Few genuinely believed that Donald Trump's White House would cooperate with Congress' impeachment inquiry with transparency and integrity. The question was how, and in what form, the president and his team would defy lawmakers' authority to hold Trump accountable.
Yesterday afternoon, the answer came into sharp focus with a letter from White House counsel Pat Cipollone.
The White House refused Tuesday to turn over internal documents regarding Ukraine being sought by House Democrats as the Trump administration dug in against their impeachment inquiry.In a defiant letter that echoed the president's recent impeachment messaging -- accusing Democrats of violating the Constitution and civil liberties and attempting to overturn the results of the 2016 election -- the White House said it would not comply with the request from House Democrats because they were conducting an invalid investigation.
The full text of the eight-page letter is online here (pdf), and even by the standards of Trump World, this one's a doozy. I'm a little surprised a White House counsel agreed to put his name on it, since it's likely to do lasting harm to Cipollone's reputation as a legal professional.
Indeed, it's difficult to see the letter as even presenting a legal argument. In practice, it's as if the president threw a tantrum; the White House legal team jotted down some of his poorly articulated rage; and shameless Republican attorneys tried to put a legal-ish veneer on Trump's rant.
Gregg Nunziata, who served as legal counsel and a senior policy adviser to Sen. Marco Rubio (R-Fla.), described Cipollone's letter as "bananas" and a "barely-lawyered temper tantrum." Nunziata added that "no member of Congress," regardless of party or ideology, "should accept it."
It's that bad.
Going into yesterday afternoon, I'll confess to being deeply curious as to what the White House counsel's office was going to come up with, since the Republican talking points in recent weeks have been so hilariously unpersuasive. I assumed Cipollone's letter to Congress would offer Team Trump an opportunity to put its best foot forward.
But if this is the best they've got, the White House is in trouble. The counsel's office was reduced to arguing that the U.S. House's impeachment process, established by the Constitution, is "unconstitutional" -- a word the document repeated eight times -- and the White House considers Congress' process "illegitimate." It therefore feels comfortable refusing to cooperate with the legal inquiry.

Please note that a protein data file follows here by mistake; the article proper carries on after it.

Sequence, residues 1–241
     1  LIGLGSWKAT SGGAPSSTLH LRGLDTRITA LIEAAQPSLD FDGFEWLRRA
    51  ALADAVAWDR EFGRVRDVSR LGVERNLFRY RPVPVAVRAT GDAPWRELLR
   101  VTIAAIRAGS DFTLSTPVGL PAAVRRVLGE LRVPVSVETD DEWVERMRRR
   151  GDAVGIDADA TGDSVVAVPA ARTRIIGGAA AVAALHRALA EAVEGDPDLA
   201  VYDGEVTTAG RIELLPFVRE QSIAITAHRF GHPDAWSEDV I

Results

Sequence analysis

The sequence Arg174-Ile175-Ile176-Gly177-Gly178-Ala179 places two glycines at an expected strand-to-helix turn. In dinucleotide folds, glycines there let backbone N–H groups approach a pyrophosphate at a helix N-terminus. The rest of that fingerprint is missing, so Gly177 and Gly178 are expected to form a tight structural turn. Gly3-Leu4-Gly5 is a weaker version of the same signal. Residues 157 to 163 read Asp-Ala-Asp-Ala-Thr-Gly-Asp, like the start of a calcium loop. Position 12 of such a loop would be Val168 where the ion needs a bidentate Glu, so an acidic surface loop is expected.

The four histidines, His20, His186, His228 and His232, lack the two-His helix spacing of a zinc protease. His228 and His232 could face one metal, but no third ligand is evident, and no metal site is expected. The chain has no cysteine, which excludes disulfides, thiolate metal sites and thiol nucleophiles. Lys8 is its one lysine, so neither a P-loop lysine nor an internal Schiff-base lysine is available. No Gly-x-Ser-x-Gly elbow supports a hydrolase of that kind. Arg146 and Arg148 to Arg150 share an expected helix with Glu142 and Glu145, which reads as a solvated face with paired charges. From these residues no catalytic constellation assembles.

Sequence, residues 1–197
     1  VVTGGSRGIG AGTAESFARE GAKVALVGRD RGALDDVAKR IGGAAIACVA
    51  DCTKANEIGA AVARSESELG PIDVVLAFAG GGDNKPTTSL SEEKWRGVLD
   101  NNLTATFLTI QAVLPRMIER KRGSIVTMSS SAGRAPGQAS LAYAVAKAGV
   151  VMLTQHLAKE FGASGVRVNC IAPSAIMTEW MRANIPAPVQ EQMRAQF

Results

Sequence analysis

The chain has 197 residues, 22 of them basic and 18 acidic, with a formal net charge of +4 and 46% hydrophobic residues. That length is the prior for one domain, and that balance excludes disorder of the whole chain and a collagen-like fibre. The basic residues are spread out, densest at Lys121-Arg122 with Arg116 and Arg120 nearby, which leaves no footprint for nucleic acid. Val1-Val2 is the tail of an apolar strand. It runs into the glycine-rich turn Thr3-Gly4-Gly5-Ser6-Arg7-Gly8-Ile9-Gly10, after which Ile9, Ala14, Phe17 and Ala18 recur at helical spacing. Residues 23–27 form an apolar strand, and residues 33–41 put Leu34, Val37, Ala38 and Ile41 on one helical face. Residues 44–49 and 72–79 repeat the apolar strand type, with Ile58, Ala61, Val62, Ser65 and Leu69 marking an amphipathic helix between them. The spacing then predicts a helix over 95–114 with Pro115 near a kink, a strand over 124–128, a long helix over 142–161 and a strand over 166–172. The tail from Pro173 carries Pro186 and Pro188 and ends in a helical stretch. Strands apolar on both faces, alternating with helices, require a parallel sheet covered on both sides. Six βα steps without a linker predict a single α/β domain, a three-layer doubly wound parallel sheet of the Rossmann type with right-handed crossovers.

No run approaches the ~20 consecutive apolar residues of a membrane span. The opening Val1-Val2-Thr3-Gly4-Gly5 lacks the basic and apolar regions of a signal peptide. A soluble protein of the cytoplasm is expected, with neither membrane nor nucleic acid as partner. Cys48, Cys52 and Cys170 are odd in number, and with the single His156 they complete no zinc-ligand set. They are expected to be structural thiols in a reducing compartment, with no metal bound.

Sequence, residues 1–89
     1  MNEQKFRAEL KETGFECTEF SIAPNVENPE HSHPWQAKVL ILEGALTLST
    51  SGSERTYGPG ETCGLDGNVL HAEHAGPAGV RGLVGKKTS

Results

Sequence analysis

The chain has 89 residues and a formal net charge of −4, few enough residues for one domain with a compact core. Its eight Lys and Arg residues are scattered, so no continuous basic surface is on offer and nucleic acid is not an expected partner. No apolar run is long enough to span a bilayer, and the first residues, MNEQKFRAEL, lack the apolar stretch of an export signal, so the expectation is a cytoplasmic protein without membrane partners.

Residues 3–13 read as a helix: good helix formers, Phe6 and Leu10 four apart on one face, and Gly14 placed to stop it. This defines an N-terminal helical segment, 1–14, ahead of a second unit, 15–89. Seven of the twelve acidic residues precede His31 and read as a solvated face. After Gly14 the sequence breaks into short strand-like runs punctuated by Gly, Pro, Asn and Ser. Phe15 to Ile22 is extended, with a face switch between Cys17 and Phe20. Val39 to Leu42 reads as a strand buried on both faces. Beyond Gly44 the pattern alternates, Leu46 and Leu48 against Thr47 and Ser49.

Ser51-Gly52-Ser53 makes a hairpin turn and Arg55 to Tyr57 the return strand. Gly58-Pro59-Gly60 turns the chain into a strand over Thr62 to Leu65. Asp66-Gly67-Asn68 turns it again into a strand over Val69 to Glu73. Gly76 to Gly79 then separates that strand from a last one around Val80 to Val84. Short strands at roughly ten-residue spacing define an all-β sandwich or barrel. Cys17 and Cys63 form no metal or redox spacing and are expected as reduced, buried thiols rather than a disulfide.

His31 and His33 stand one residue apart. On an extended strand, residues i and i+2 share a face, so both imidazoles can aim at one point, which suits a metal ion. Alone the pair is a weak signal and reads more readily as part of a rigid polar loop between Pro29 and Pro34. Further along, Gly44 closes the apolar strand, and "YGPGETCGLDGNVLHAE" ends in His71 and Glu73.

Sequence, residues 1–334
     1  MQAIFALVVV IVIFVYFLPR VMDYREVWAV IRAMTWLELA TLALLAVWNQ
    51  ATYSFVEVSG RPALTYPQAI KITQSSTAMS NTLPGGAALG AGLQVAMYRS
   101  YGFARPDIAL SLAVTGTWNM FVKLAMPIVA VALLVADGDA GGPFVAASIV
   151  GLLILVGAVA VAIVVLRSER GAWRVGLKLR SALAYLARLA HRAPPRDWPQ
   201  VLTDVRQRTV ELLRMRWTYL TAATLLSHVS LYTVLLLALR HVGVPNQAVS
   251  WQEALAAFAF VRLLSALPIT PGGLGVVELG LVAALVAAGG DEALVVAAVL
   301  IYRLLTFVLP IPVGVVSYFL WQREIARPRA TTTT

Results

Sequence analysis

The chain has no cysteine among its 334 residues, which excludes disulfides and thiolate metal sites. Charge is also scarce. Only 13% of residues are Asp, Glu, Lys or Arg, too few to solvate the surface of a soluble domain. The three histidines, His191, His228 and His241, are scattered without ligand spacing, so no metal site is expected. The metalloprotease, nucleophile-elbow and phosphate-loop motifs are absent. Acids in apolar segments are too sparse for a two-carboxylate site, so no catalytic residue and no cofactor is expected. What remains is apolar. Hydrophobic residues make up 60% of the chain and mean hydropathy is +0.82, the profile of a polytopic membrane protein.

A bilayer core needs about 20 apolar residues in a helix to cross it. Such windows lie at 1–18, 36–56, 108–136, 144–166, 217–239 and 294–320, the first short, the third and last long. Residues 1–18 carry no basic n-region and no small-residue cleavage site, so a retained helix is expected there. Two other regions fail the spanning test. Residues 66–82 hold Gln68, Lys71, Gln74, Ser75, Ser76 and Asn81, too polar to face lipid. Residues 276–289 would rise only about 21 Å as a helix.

Reactions from the legal community were brutal. George Conway wrote, "I cannot fathom how any self-respecting member of the bar could affix his name to this letter. It's pure hackery, and it disgraces the profession." Former acting U.S. Solicitor General Neal Katyal called the White House's letter "inane," adding, "You don't get to block impeachment just because you don't like it." Law professor Ryan Goodman, former special counsel at the Pentagon, described Cipollone's letter as "a professional embarrassment."
This may yet get worse before it gets better. In a call with reporters orchestrated by the White House, a senior administration official argued that before officials on Team Trump would agree to cooperate with the impeachment inquiry, the president and his aides would require a "full halt" to the process.
Or put another way, after Congress stops the impeachment inquiry, Trump will consider cooperating with the impeachment inquiry.
As a rule, if the White House were confident in the president's innocence, complete defiance wouldn't be necessary. But in this case, Trump and those around him clearly have a great deal to hide.
The likelihood of the president's impeachment inches closer to 100% every day.